Run

Run

Well, I guess that’s that. It’s over.” The bridge of our friendship was crossed and set aflame. Raw emotions and bruised feelings put us on opposite sides of a river that could no longer be crossed.

I’m no saint. Four decades of walking through life has left a graveyard of dead friendships behind me. Some are clearly because of my own recklessness with the hearts that have been entrusted to my care. With some, perhaps I’m not so clearly the only one at fault. When we draw near to others, our broken places always end up clashing. Too often it’s too much to bear so we cross a bridge and light a match.

The Wanderer

Some days the weight of those burned bridges is overwhelming. I gaze over my shoulder at the graveyard of dead friendships and grieve. It doesn’t matter who lit the match, the gap is now too wide to cross. Although the world throws around words like forgiveness and reconciliation, they are quickly followed by demands for a pound of flesh. Somebody must pay. It’s easier to stay on our own side of the river, wandering alone down the shore. The message we hear is clear…forgiveness is impossible. Roads that split never reconnect.

As I wander alone, I stumble into chapter 15 of the book of Luke. Although this story is about family, the principle carries through. Words were said. Or perhaps the words were left unsaid. “You’re dead to me,” was communicated. The paths diverged for the two who had cherished each other. One stood firm, the other wandered off. Both were without the other. The relationship was over. Forever.

The wanderer soon learned that life alone was miserable. Others merely saw him as a means to an end and walked away as soon as his usefulness was gone. He looked up from rock bottom, gazing past his shattered hopes and remembered the one who truly loved him. But that bridge was burned. The inferno consumed it quickly and it was gone forever. Even if he could find his way back, he could never repay all he owed. He would never deserve that love again.

Even so, he wandered back toward the one who had never left… Toward the one who had firmly stood at the gate…first watching the prodigal wander away with the father’s money and heart…then watching for any sign of his return. His faithfulness was rewarded when a lone figure emerged on the horizon. The familiar silhouette in the distance brought a flood of joy. Arms outstretched, he ran to reunite with his son. The one who had wandered had the courage to return. The one who remained behind faithfully anticipated the glorious day of his return.

Honestly, bridges are a horrible metaphor for relationships. Our emotions and desires are not matches setting the world ablaze. True and treasured friendships are never burned beyond reconciliation. Like the parable of the prodigal son, humility and love on both sides of that river build new bridges on which we stand. Love says “you are more important than my pride.” Love is quick to forgive and runs toward reconciliation.

Take a look back at your own friendship graveyard. Can these dry bones live again? Jesus teaches us that as long as we’re living, reconciliation is possible. He models it for us. He stands firmly and unwavering upon the truth, arms open wide and ready for us to return. The past remains in the past. We step into our future pure and fully forgiven. We can run to Him, and then we can run to each other.

Who you need to run to? I bet those arms are open wide, waiting for you to take the first step. Run, and let the celebration begin.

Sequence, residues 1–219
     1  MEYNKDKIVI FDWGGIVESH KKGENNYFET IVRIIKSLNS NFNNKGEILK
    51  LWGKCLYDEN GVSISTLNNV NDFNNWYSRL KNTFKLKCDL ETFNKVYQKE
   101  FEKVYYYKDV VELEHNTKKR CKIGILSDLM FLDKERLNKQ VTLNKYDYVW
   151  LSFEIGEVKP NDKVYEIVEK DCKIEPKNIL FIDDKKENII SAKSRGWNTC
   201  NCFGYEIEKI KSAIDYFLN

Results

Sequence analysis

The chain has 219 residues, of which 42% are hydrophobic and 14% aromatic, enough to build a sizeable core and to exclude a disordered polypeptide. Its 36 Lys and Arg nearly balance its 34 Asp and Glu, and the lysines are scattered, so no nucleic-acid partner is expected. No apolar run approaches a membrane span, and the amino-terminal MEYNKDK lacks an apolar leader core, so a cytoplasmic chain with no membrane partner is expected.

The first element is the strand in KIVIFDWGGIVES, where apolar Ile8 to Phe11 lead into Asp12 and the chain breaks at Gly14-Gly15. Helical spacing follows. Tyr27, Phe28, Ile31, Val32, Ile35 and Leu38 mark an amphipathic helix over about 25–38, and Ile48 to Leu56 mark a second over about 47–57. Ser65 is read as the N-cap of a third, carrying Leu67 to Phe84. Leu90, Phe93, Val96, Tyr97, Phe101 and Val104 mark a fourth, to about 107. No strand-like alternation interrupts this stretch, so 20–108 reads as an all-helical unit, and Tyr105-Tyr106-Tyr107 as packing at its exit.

Redemption

Redemption

The past can be a weight…the magnitude of the tragedy overwhelming and all-consuming. Every time your eyes close, you see their faces. Sons taken too soon. The anger rises anew. Lost jobs are insignificant compared to the lost loved ones. Lost freedom. But you go on.

 

I met him on a trip. He was hired to do construction. We were building a church. We were also building THE church.

North and South Americans stacked concrete blocks, threw cement, painted walls, and tiled a roof. Shoulder to shoulder, we joyfully toiled from sunrise to sunset until everyone was exhausted. Christians and non-Christians alike, simply working with and loving each other.

Each day on the long walk home, he would pick up scrap wood and construction debris. Someday…eventually…his house would have real walls. A roof. Someday.

But God… God is a rescuer. He is a redeemer.

“…the Lord has anointed me
to proclaim good news to the poor.
He has sent me to bind up the brokenhearted,
to proclaim freedom for the captives
and release from darkness for the prisoners” Isaiah 61:1

Late in the week a decision was made. A decision for Christ. And life became new. Restored. Redeemed. The chains shackling him to the pain of the past were broken.

img_7536

Embraced by both the savior and His church, something special was found. Forgiveness. Community. Reconciliation. Hope. Life.

img_7557His house now has a roof. And walls. His precious family is safer than they have been in years. Because of a church? Because of THE church? Because of the redeemer! Jesus reached out through the obedient workers. The light of Jesus was shining through them all week. It drew him. It gave him a new hope and a new community. And the trajectory of six precious lives changed for eternity.

 

 


This post originally appeared in October, 2013. This is one of my most well-known photographs and one of my most treasured stories. The original events took place in Niteroi, just outside of Porto Alegre, Brazil. It was a privilege to be a witness to these events and an honor to capture a few moments with my camera and words. We are leaving for another mission trip to Brazil soon. As I reflect on all God has done and anticipate what He has in store, I decided to share this particular story again.